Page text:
David Cameron has made Michael Gove the justice secretary and Mark Harper chief whip as he continues to put together his new Conservative government.
Mr Gove succeeds Chris Grayling, who moves to become leader of the Commons.
Nicky Morgan will remain as education secretary and minister for equalities.
The PM, who secured the first Conservative majority since 1992, has already said his chancellor, home secretary, foreign secretary and defence secretary will stay the same.
The Conservatives won a total of 331 seats at the general election, giving them a majority of 12 in Parliament and allowing Mr Cameron a much freer hand in deciding his top ministerial team than was the case during the past five years of coalition.
The new appointments join Chancellor George Osborne, Home Secretary Theresa May, Foreign Secretary Philip Hammond and Defence Secretary Michael Fallon in Mr Cameron's government.
Mr Harper has been given the crucial role of chief whip, responsible for liaising with backbenchers and maintaining party discipline.
He resigned from his post as immigration minister in February 2014 after he discovered that his cleaner was no longer entitled to work in the UK, but rejoined the government five months later as minister for disabled people.
By BBC political correspondent Eleanor Garnier
Michael Gove's appointment as justice secretary places him firmly at the top table of British politics.
It is a marked promotion from the job of chief whip, where he had been in charge of Conservative party discipline.
Mr Gove was removed as education secretary last year after repeated run-ins with the teaching unions and a reported spat with Home Secretary Theresa May - someone he will now have to work closely with once again.
As justice secretary, his responsibilities will include implementing the Conservative Party's pledge to scrap the Human Rights Act and replace it with a British Bill of Rights.
The aim is to give the UK courts and Parliament - rather than European institutions - the final say in contentious cases.
On Twitter, Ms Morgan said she was "delighted" with her re-appointment, which Downing Street said was a "huge vote of confidence".
Mr Gove, a former chief whip and education secretary, will be in charge of implementing the Conservatives' pledge to scrap the Human Rights Act and replace it with a British Bill of Rights.
He will also take on the role of Lord Chancellor.
BBC political correspondent Eleanor Garnier said the announcements were "a reward for loyalty" from Mr Cameron.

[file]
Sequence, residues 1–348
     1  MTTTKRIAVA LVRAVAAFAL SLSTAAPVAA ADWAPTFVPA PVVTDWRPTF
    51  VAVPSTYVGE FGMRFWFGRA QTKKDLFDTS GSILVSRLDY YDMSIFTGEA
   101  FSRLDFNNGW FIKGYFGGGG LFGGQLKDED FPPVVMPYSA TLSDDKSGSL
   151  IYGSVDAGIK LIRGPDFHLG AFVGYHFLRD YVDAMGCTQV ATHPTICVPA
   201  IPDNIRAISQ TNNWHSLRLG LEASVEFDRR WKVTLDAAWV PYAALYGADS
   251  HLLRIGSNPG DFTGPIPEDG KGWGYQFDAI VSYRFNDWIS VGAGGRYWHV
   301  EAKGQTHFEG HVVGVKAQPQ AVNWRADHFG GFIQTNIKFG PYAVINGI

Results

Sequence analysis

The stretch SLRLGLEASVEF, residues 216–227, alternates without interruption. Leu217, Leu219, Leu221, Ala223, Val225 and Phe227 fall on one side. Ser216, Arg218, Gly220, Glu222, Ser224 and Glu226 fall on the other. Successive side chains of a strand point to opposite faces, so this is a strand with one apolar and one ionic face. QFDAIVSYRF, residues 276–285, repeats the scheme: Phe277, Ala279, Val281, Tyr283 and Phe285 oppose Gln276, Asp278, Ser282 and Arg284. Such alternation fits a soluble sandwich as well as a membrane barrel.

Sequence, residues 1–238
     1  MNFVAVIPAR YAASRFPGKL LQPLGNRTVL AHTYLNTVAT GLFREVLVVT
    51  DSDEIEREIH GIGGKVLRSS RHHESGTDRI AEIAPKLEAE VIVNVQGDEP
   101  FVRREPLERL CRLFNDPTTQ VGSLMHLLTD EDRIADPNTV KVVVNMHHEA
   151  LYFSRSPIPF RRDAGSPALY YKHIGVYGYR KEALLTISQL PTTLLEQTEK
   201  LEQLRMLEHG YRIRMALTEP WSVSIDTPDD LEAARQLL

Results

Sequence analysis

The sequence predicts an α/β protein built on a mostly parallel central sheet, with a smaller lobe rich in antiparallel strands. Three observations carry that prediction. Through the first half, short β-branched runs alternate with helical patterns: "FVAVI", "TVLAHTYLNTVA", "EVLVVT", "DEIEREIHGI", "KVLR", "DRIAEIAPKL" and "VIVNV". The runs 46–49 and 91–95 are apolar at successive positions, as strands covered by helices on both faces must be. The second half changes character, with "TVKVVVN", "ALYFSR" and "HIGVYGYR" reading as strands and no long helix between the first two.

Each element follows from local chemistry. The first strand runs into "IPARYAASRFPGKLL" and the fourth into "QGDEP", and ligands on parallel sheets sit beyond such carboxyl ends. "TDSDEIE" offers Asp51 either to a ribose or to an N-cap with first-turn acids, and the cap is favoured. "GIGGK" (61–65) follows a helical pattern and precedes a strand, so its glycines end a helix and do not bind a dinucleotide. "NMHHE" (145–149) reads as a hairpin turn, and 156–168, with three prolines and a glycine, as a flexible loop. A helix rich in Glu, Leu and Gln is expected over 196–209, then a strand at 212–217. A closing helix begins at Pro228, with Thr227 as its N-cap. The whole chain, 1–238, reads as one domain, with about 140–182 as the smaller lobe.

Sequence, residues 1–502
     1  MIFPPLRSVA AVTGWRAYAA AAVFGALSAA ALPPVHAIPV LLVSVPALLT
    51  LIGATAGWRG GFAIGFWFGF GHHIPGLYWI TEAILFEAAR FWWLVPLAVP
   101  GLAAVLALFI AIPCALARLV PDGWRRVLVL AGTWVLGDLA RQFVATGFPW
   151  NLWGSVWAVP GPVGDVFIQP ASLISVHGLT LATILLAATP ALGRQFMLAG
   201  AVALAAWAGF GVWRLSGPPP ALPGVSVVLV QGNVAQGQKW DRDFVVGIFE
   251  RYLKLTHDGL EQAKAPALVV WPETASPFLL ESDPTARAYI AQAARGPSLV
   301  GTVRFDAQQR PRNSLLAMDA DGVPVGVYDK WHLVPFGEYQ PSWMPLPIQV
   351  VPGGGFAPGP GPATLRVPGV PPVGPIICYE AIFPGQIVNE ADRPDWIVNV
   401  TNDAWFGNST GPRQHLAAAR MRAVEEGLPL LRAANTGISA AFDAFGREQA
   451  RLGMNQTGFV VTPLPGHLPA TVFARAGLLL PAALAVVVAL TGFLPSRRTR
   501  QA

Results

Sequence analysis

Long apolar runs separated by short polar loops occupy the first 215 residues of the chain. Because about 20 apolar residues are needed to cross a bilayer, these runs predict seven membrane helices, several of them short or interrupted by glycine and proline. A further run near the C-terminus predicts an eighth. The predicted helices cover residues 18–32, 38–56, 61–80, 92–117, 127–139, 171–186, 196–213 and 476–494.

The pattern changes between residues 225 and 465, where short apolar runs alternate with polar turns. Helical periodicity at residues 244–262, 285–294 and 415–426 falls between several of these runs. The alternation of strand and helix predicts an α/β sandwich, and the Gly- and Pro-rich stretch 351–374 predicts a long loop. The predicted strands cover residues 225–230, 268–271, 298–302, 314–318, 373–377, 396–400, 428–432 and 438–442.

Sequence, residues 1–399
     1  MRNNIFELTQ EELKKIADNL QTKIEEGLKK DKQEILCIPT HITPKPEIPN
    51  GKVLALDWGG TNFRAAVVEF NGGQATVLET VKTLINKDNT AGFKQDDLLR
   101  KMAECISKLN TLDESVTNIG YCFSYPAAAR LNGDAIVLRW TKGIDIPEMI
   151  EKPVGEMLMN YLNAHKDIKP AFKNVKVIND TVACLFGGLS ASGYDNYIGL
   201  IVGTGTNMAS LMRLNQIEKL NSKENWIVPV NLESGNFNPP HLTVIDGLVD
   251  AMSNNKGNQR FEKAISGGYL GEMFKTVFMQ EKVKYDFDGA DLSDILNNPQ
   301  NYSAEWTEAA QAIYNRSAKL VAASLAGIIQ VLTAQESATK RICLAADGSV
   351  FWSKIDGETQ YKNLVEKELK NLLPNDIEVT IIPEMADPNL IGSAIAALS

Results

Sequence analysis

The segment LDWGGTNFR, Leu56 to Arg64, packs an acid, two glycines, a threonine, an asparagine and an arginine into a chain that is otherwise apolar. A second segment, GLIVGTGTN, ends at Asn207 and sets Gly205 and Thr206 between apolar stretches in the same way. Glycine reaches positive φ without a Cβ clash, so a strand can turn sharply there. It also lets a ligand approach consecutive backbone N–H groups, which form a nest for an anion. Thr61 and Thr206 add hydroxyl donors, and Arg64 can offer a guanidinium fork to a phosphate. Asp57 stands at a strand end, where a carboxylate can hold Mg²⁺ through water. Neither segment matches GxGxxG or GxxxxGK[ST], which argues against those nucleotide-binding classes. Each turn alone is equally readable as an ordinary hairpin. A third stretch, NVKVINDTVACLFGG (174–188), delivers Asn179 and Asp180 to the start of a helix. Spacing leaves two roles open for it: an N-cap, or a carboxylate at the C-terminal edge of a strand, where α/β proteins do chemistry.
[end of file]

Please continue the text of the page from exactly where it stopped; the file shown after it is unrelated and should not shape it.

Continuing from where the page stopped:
Making Mr Grayling, the former justice secretary, the Commons leader was a "gesture to the right wing of the party", she added.
A wider reshuffle is expected on Monday, with posts held by Liberal Democrats under the coalition yet to be filled.
Among MPs tipped for promotion include Jo Johnson, Boris Johnson's brother, while there is also speculation that the mayor of London, who is returning to the Commons after a seven-year absence, could also get some kind of role.
Mr Cameron is expected to promote a number of women having failed in his stated aim, set out before the 2010 election, of having women account for a third of ministerial positions by the end of the last Parliament.
Northern Ireland secretary Theresa Villiers, one of four women currently in the cabinet, said she would be "delighted" to remain in the post she has held since 2012 but would "happily" serve elsewhere.
Conservative backbencher Stuart Jackson said the prime minister was "the king of all he surveys" after guiding his party to its first majority since 1992 and he did not expect there to be the unrest on the backbenches that there was during the coalition.
"He has enormous political capital and with that he can choose his Cabinet and make his priorities as he sees fit," Mr Jackson told the Sunday Politics.
While the government's focus would be on the economy, Mr Jackson said he would also would also like to see political and constitutional reform, with the redrawing of parliamentary boundaries and a fresh look at the make-up of the House of Lords.
As Mr Cameron finalises his new government, Labour is beginning the search for a new leader.
Meanwhile, former Labour Treasury secretary Liam Byrne has acknowledged that a note he left for his successor before the 2010 election - saying "there is no money" - damaged Labour's re-election chances.
David Cameron repeatedly brandished a copy of the letter on the campaign trail, arguing that it showed Labour could not be trusted with the economy.
Mr Byrne told the Observer that the focus on it during the campaign had been "excruciating" for him.
"Party members ask me: what on earth were you thinking? But members of the public ask: how could you do something so crass? And so bloody offensive?
"I've asked myself that question every day for five years and, believe me, every day I have burnt with the shame of it, nowhere more than when standing on doorsteps with good comrades, listening to voters demanding to know what I thought I was playing at."
"People's anger - and my party's anger - at me will never ever match my anger with myself or my remorse at such a crass mistake. I made it easy for our opponents to bash our economic record by bashing me."